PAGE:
In memory of

+JMJ+ The best dawg ever would have been nineteen years old today. She left me just a few weeks shy of her fifteenth birthday. Together we had conquered her severe fear of loud noises, dark clouds, strong winds, my absence whether for a day or an hour or a minute, men, men wearing those big puffy parka things, men in hats, or, worst of all, men in big puffy parka things and hats.

We conquered Parvo when she was only a couple of months old. I stupidly didn’t get her vaccinated against it early enough (I was broke), but also stupidly began taking her around with me everywhere I went. I had no idea what all my responsibilities were. I didn’t set out to have a dawg, she just happened to me, but that’s no excuse for not finding out what I needed to know. Our fur friends look to us to take care of them and I didn’t do what I needed to. Hindsight can be a harsh teacher. Thanks be to God (and my dad, a dawg lover himself, who paid for her treatment), we made it through that.

We made it through her bouts of HGE (Hemorrhagic Gastroenteritis). The first time it happened she was polite enough to hop into the bathtub while I was gone, and left me quite the surprise to find when I got home. Ew, I remember that all too well!

We conquered her back injury that left her paralyzed in her back legs when she was about thirteen. I had no idea when I put that ottoman at the end of the bed that she would try to use that instead of the steps that she and her sister had been using to get into and out of said bed. She launched herself down to that ottoman and onto the floor and I can still hear her cry of pain like it was yesterday.

The emergency surgery didn’t help much, but even so, after some time to heal, she could scoot around on the floor with amazing speed, especially if a treat was in the offing. In her custom wheelchair she could run almost as fast as she did before the injury. After I finally got her to use it, that is.

We conquered almost everything that came our way until cancer came along. And that was one foe we could not overcome. I’d been in the hospital myself for a couple of months and by the time I began recovering and realized anything was wrong with her, it was already too late, the cancer had spread too far. 

I spent that last week trying to memorize everything I could about her, everything I hadn’t already memorized. My friends brought their dawgs over and we threw an early birthday party for her and let everyone say their goodbyes. 

Everyone but me. I wasn’t ready to say goodbye. I hoped against hope that there would be some way to conquer this foe the way we had all the others. I hoped for a miracle. But later that week she went downhill fast and began to wail with pain. When she began to bleed, we looked each other in the eye and I knew that the time had come. I promised her that she would not be hurting that way for much longer.

I wrapped her in a towel and picked her up—when did she get so light? I hadn’t been able to lift her in years. The drive to the vet’s office took almost no time at all. How I wished it could have taken longer, just a little more time. When they came out to the car to see what we needed, I said, “It’s time.” 

At least, that’s what I tried to say. My voice broke and I don’t know how they understood me. Maybe it was my face. That was the hardest thing I have ever had to do. To look into the eyes of the one who loved me, and went everywhere with me, and trusted me more than anyone ever has before or since, who knew I could fix anything, who knew I could always make it right.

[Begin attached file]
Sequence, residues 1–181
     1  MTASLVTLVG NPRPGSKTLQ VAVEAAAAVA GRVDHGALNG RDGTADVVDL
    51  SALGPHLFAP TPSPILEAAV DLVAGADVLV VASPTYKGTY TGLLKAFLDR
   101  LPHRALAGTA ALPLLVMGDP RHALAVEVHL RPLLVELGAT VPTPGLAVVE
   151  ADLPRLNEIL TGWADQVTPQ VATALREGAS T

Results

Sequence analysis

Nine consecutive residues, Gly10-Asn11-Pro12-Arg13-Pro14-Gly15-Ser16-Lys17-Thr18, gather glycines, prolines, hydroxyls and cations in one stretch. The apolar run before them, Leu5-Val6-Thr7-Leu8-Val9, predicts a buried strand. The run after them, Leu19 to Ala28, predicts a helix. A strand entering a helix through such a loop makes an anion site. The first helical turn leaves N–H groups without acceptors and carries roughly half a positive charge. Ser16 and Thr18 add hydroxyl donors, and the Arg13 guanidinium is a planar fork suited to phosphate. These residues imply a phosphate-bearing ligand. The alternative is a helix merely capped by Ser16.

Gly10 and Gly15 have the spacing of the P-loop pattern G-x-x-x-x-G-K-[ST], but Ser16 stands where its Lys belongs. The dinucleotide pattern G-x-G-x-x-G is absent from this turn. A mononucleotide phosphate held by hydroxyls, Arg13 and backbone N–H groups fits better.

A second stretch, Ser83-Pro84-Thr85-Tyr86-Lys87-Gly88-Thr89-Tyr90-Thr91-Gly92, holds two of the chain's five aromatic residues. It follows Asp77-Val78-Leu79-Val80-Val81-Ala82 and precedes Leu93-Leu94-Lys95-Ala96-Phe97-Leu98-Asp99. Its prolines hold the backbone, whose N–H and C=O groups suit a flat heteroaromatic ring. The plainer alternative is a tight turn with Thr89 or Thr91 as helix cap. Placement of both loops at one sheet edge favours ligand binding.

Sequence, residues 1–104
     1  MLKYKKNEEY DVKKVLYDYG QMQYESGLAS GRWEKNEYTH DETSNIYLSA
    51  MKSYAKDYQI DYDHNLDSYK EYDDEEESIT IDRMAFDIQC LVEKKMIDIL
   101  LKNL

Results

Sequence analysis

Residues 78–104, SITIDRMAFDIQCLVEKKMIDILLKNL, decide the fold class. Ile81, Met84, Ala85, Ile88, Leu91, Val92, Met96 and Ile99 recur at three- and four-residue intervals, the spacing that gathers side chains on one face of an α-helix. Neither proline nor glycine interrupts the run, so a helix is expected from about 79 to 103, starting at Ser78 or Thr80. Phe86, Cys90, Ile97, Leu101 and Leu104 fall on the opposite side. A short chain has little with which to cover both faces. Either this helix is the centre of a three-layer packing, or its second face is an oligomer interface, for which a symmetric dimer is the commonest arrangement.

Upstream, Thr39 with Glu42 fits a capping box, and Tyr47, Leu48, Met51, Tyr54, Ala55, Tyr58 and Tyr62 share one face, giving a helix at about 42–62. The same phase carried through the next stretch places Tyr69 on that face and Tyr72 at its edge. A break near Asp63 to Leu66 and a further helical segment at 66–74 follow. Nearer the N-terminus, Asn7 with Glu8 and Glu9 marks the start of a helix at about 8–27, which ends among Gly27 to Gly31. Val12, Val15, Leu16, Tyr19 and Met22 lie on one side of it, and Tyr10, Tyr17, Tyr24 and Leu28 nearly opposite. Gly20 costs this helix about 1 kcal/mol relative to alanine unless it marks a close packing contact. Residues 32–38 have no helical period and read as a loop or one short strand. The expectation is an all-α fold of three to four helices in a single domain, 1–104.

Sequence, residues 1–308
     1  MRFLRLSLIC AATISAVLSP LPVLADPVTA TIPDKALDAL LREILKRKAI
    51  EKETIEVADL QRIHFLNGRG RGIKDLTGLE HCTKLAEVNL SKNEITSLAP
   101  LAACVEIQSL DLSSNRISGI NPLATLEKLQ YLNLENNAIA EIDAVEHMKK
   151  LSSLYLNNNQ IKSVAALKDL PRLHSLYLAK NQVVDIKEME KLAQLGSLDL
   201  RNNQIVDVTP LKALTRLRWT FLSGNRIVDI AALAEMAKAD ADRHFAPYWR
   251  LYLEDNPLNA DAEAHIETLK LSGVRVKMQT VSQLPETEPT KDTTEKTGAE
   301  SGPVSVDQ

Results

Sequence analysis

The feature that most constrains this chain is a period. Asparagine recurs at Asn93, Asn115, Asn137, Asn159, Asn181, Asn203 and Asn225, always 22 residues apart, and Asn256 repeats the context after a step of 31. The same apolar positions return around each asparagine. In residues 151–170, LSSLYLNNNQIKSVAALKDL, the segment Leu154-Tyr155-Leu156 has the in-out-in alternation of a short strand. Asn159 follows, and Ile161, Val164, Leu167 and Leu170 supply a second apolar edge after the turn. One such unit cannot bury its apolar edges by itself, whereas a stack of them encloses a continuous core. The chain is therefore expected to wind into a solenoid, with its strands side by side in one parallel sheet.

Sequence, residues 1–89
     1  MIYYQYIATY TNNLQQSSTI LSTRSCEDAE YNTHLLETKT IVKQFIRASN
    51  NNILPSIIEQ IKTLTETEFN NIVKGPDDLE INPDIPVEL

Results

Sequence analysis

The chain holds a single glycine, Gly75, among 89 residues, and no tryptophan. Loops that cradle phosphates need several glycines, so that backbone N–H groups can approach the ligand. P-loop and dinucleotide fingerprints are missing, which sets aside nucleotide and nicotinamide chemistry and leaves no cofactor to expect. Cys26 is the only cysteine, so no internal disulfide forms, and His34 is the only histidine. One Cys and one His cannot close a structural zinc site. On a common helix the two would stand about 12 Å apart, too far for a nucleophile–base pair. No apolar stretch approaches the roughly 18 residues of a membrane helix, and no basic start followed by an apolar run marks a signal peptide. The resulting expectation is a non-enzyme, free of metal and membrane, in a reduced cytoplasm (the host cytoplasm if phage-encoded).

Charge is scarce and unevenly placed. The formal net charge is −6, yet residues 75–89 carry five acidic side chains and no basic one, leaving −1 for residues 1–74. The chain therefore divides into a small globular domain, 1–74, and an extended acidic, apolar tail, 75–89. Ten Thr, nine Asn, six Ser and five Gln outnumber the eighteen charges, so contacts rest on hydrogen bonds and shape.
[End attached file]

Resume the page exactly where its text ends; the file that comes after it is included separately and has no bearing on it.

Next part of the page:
But I couldn’t make it right. I couldn’t do anything but make the pain go away, but not the way I wanted. 

Dawgs don’t live nearly long enough and they leave us way too soon. I’ll always love you, my little Abby. If there is any such thing as a soul dawg, you were mine. And you always will be. Happy birthday, sweetie. You always were a good girl. The best dawg ever.

Thanks for visiting the blog and reading. God bless you and peace be with you. +JMJ+ 

Videos in the post:

  • 1) Abby doesn’t want any part of those wheels, and
  • 2) Abby can scoot in her new wheels!

There’s probably a better way to post those videos but I don’t know what it is.

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Copyright: All original material on Catholic Heart and Mind is Copyright © 2009-2023 Lee Lancaster. All rights reserved. Read more.

6 thoughts on “In memory of

  1. Marie

    What a beautiful, heartfelt tribute to your dear little love. I know these feelings well, Lee. May we be with them again one day, forever.


  2. cmkrebs1021

    Ohh my dear friend 😔 I’m so very sorry for your loss of Abby Dawg. No words can I give to fill your heart right now, but knowing you are such an amazing person and care giver to you fur family, what you did for her was just amazing.

    A Priest friend told me once that “If Heaven is THE BEST PLACE, THE HAPPIEST OF PLACES then our beloved pets will be with us too.” I believe that!

    Sending you big hugs and my love and prayers 💚🙏



    1. She was such a joy to be around, most of the time, and funny too. What a sassy little rapscallion she was! And so stubborn and ornery, but so sweet and loyal. And fearless, except for the above-mentioned fear-inducing terrible bad awful things like wind, rain, leaves that dared to move–but absolutely fearless if a bigger dawg tried to bully her or got anywhere near me. She had no idea that she weighed only thirty pounds dripping wet. She thought she was a Rottweiler. 😁 Oh, I love that silly dawg. Sigh. Hugs and prayers and love back to you, Christine, and to Carl and Marie, too. ❤️🙏🏻


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